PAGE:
Ozone can cause many health problems including coughing, throat irritation, chest pain, airway inflammation, reduced lung function, and the triggering of asthma. These health effects can lead to an increase in school and workplace absences and more visits to the hospital. Studies also suggest that exposure to ground-level ozone increases the risk of premature death from lung or heart disease. Children, older adults, people with asthma, and people who are active outdoors may be more susceptible to the negative impacts of ozone.

The public can limit their exposure of unsafe levels of ozone through a few simple steps. Check the daily Air Quality Index value by visiting AirNow.gov, subscribing to EnviroFlash, or using local media sources. For days where ozone is likely to be a problem, both sensitive and healthy groups should use caution by avoiding outdoor activities that require prolonged or heavy exertion.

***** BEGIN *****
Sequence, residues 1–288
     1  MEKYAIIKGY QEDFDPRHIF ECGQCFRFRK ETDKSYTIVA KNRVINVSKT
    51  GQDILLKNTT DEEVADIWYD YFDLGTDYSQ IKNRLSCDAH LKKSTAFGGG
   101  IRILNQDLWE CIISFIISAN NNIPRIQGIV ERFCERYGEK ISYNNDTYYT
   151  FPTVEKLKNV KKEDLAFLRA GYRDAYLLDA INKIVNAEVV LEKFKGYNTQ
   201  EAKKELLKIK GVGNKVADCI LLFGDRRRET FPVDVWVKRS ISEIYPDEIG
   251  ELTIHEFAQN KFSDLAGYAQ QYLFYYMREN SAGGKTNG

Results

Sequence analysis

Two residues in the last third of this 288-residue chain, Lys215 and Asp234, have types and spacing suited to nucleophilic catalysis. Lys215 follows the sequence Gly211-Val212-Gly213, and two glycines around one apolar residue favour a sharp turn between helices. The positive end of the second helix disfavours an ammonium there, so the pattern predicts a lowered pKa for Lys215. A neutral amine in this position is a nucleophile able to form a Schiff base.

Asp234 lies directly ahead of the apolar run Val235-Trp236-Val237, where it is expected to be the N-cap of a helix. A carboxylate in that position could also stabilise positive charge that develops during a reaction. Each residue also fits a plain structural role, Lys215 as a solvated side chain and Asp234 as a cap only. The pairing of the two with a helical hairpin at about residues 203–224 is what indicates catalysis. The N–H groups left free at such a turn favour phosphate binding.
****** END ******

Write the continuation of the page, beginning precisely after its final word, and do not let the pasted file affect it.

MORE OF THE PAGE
To Reduce Pollution on Ozone Action Days: 

  • Walk
  • Bike
  • Carpool
  • Use public transportation
  • Fill up with biofuels like American Ethanol
  • Reduce trips
  • Limit engine idling
  • Refuel in the evening when it is cooler
  • Turn off lights
  • Unplug electronic devices not in use
  • Set air conditioners to a higher temperature
 

Air Quality Index

The Air Quality Index (AQI) is a daily measure of local air pollution for over 800 counties in the United States. It is designed to provide the general public with information on the health risks for specific concentrations of air pollution. The AQI takes into account five major air pollutants that are regulated by the United States Environmental Protection Agency (USEPA): ground-level ozone, particle pollution, carbon monoxide, sulfur dioxide, and nitrogen dioxide. While each of these pollutants have their own inherent health risks, ground-level ozone and particle pollution are the main components to local air quality.

As shown below, each category is given a distinct color in order to better communicate the health threat to the general public.